TOPSAN and the Semantic Web (Part II)

July 12, 2010

This is the second in a series of blogs in which we will try to introduce you to the concepts behind the TOPSAN Protein Syntax and the TOPSAN semantic notation system. Our first entry introduced how to imbed semantic web notations into TOPSAN (Part I). In this article we will describe how to use obtain and use the semantic information that has been embedded in TOPSAN, compose queries and analyze the available information.


The main reason to embed semantic information into TOPSAN pages is to allow for easy extraction of information from the site.  Every day, all of the embedded semantic information on the site is scrapped and compiled into a single file, which you can find at This ‘N3’ format file is a collection of all the semantic triples found on the TOPSAN site.  Once you’ve downloaded and unzipped it, it is very easy to import it into a large number of different styles of semantic web ‘triple store’ systems. These systems will have the ability to parse database queries written in the ‘SPARQL’ syntax. One such system is RDFLib, found at  Once you installed this library, you can use it to open and query the topsan.n3 file.

If you need a introduction to SPARQL, check out these tutorials:


To begin these examples first download the file found at, and uncompress it.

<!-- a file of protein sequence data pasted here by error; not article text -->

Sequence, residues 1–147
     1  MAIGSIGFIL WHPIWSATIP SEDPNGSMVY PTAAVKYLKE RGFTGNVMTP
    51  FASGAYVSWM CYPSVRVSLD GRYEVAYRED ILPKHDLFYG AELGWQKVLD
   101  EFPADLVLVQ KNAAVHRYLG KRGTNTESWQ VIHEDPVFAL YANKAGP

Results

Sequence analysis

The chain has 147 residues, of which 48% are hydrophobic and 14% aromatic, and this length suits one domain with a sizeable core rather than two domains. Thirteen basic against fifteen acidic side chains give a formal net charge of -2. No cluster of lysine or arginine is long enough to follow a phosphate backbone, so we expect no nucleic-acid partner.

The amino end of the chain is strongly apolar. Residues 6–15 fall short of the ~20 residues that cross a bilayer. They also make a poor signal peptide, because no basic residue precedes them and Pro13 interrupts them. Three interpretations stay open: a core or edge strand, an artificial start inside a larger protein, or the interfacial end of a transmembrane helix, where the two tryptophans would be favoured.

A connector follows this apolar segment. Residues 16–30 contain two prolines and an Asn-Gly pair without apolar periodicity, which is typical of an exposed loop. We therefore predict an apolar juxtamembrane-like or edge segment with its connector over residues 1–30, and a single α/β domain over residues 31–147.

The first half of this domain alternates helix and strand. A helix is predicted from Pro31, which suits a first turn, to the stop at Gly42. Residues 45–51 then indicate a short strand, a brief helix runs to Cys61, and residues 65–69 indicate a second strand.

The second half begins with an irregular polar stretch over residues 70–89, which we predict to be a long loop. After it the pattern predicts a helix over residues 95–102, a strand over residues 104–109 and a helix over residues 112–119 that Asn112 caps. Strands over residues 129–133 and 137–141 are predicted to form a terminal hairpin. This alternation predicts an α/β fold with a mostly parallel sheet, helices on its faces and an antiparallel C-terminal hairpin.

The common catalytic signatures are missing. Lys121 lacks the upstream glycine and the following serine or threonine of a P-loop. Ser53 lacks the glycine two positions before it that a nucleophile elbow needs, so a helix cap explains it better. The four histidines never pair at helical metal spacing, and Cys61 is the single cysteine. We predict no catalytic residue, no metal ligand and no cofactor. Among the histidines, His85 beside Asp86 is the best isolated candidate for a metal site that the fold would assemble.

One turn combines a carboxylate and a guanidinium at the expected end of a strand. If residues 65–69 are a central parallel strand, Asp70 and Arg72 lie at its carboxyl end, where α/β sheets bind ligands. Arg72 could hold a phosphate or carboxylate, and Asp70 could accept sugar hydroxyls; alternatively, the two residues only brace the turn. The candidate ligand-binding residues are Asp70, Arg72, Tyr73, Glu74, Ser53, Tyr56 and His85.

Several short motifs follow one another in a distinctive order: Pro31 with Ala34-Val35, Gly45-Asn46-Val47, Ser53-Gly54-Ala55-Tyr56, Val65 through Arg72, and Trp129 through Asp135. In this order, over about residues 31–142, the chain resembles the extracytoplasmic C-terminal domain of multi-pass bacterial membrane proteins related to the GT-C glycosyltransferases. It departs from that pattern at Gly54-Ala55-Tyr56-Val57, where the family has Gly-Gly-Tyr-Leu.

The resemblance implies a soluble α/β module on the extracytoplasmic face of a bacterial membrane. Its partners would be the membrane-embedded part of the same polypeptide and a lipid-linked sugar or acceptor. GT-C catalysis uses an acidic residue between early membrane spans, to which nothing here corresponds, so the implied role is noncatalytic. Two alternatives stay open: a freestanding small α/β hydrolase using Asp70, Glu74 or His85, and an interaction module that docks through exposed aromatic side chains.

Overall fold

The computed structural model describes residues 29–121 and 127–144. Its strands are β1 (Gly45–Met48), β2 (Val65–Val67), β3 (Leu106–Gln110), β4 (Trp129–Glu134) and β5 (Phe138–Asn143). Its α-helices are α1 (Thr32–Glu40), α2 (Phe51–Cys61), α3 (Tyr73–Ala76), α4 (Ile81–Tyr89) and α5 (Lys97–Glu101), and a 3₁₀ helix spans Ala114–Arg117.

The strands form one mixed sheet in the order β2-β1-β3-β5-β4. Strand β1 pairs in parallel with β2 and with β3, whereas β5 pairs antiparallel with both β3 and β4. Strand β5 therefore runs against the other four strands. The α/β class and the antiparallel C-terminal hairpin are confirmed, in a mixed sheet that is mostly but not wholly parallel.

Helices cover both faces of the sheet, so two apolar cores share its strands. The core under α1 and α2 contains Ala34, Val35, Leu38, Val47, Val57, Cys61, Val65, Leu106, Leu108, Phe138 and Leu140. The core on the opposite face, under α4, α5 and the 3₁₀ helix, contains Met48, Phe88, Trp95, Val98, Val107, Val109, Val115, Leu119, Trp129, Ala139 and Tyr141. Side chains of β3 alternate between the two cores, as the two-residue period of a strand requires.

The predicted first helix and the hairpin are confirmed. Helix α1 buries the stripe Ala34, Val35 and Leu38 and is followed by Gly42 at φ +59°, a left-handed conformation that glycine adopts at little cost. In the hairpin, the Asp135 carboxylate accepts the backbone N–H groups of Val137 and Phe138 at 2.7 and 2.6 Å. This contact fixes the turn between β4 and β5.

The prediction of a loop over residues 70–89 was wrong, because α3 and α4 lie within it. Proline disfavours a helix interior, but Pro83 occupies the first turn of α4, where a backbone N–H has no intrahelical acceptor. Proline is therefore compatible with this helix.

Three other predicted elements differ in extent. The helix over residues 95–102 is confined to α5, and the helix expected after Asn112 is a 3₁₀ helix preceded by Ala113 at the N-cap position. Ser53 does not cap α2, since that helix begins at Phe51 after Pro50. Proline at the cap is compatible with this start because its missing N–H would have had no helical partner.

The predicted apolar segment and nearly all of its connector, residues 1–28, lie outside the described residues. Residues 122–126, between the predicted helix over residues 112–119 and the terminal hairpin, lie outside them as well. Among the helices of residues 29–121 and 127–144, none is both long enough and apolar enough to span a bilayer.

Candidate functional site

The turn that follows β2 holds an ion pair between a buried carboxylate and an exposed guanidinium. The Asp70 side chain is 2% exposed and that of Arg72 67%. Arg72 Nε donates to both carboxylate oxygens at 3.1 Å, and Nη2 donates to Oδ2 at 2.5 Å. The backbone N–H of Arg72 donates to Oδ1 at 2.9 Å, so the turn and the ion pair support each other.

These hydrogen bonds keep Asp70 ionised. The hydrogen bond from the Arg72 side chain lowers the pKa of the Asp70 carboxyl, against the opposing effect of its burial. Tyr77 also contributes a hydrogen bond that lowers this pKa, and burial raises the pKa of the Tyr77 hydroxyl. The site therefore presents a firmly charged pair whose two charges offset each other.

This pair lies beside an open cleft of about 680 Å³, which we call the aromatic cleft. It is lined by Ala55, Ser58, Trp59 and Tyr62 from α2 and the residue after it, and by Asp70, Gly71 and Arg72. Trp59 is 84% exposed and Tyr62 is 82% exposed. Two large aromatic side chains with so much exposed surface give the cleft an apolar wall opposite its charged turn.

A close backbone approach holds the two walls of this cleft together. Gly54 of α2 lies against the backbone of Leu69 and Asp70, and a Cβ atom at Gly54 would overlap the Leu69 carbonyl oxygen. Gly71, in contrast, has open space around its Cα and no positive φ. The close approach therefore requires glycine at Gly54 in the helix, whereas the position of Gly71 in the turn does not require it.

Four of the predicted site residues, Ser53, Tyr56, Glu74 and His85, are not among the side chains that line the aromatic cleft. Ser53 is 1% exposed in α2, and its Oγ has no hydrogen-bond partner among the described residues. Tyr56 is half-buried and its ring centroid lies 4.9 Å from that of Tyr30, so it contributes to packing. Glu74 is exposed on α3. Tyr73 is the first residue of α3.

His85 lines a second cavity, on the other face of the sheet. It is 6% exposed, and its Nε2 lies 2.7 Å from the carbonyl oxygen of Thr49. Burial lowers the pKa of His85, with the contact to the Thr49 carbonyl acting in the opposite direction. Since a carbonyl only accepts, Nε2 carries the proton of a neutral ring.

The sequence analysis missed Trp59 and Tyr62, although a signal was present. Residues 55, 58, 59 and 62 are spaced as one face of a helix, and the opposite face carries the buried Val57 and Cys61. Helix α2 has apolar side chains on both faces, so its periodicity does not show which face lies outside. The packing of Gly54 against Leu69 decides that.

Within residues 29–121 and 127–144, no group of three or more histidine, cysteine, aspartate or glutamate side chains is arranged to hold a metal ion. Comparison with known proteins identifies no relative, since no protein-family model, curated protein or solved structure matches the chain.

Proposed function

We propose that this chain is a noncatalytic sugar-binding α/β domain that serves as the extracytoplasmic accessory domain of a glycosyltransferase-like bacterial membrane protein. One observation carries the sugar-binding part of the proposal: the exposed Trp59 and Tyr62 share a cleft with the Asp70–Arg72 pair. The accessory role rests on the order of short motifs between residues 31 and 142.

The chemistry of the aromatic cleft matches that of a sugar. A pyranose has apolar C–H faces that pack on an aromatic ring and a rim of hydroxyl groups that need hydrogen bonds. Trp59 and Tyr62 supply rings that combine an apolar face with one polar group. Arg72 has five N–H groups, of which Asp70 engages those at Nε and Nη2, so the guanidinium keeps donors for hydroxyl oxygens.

$ wget
$ gunzip topsan.n3.gz

(On mac)
$ curl -O
$ gunzip topsan.n3.gz

Example 1: Retrieve Molecular weights Script:

#!/usr/bin/env python import sys
from rdflib.Graph import Graph
g = Graph()
g.parse( sys.argv[1], format=”n3″ ) queryStr = “””
SELECT ?id ?weight WHERE {
?id <;
“””for row in g.query(queryStr):
print ” : “.join( str(a) for a in row )


By calling this script, and passing the path to the topsan.n3 file, it will scan the file looking for all of the molecular weights assigned to proteins stored in TOPSAN. You should get something that looks like:

$ ./ topsan.n3 : 21055.88 : 66251.10 : 21321.14 : 20223.71 : 56539.67



Example 2: Retrieve PFAM to GO mapping

A more complicated call would be to extract all of the PFAM to GO mappings stored in TOPSAN.  To do this, replace the queryStr contents from ‘’ with the following query:



PREFIX core:<;
SELECT ?pfam ?go WHERE {
?pfam a core:Pfam_Family ;
core:memberOf ?go




Example 3: Finding Domains of Unknown Function with PDB structures.

This query finds all of PFAM families that start with ‘DUF’ with PDB structures on TOPSAN that are associated with them. The associations are found with the ‘seeAlso’ type link to a common tag, whose title is filtered with the regular expression “^PF”.




PREFIX core:<;
?fam a core:Pfam_Family .
?fam a core:Pfam_Family .
?fam core:name ?name .
FILTER( regex(?name, “^DUF”) ) .
?prot a core:Protein_Structure .
?prot core:memberOf ?fam


(Note, this query involves external data sources that are not part of the ‘core’ TOPSAN extract files. We will outline how to obtain the extended database needed to do these types of queries in later posts)

At this point, the query will take several minutes and over a GB of memory. In the next article we’ll demonstrate how to set up a Joseki based server to query Semantic Topsan data.